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Riverland grape growers call for financial support measures to save local industry

22 February 2024

More than 175 Riverland grape growers and industry and government representatives have met to discuss the future of the local industry, calling for urgent action to ensure it can overcome low prices, an over-supply and poor profitability.

Hosted by industry group Riverland Wine, the forum asked growers to voice their concerns about their future in the industry and their financial viability, and to come up with immediate term solutions to put to local, state and federal government representatives with industry consensus.

Riverland Wine Executive Officer Lyndall Rowe said growers were increasingly frustrated with the low prices being offered for their grapes, among the many other challenges they have faced in recent years.

“The situation is desperate and there were some growers last night saying it was difficult putting food on the table, let alone pick grapes and try and sell them for a price which will cost them money, not earn them a cent,” Ms Rowe said.

“They fear the Riverland will be decimated with growers pulling out of the industry because they can’t afford to grow grapes anymore, leaving the region as a series of ghost towns for our youth.

“It was clear they need support, while medium and longer-term strategies to raise the region’s profile, allow for succession planning and to reach new markets are helpful, they need immediate help.”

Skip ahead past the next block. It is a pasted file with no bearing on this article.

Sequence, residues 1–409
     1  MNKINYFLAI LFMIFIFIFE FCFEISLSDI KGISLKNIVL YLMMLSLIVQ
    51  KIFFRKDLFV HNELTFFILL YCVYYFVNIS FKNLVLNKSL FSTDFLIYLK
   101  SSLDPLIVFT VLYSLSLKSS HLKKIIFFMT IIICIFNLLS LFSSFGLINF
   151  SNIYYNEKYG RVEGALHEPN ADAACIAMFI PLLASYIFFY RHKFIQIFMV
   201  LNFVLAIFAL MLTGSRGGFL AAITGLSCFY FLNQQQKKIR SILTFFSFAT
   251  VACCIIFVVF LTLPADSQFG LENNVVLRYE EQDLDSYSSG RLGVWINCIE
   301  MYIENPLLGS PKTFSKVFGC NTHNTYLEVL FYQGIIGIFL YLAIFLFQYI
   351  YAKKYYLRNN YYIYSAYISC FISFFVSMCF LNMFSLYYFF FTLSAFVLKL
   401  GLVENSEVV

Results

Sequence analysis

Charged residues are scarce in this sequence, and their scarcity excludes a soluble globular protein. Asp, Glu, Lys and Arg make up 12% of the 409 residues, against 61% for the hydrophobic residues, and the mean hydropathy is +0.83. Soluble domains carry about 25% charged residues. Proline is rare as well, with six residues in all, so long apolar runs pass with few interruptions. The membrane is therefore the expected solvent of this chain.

Suggestions raised at the grower meeting include:

• Financial support, including relief from bills, loan repayment relief, support packages for people wanting to or being forced to exit the industry;

• Financial support to pick to ground or pause vineyards for one to two vintages until conditions improve;

• Introducing licence conditions for growers (similar to the fishing industry) to preserve the industry’s values, standards and quality of grapes;

• Re-establish a floor price for grapes, and financially supplement any difference between the market price and a floor price;

• Introduce a moratorium on new vineyard plantings, and more oversight on corporate plantings, including ensuring any vineyard reductions were required first by corporates before family businesses;

• Financial support for growers to transition varietals;

• Altering regional planning zoning rules to release blocks for residential use;

• Hosting another meeting with government decision-makers; and

• Marketing and business coaching support.

“Our growers need immediate crisis support, and we will be putting their suggestions to our local councils, the State Government and the Federal Government, and we are hoping our industry partners will support our calls to help save the nation’s largest grape growing region,” Ms Rowe said.

“It’s not just our growers – as a viable and strong industry in our region, we create jobs for grape pickers, winemakers, wineries and local hospitality venues, transport providers, local retailers and more. The flow on effects if our growers can’t run profitable businesses are significant and far-reaching.”

The results of last night’s forum at Barmera, once circulated and feedback sought among growers, will be put to the three tiers of government and circulated to industry groups in the coming days.

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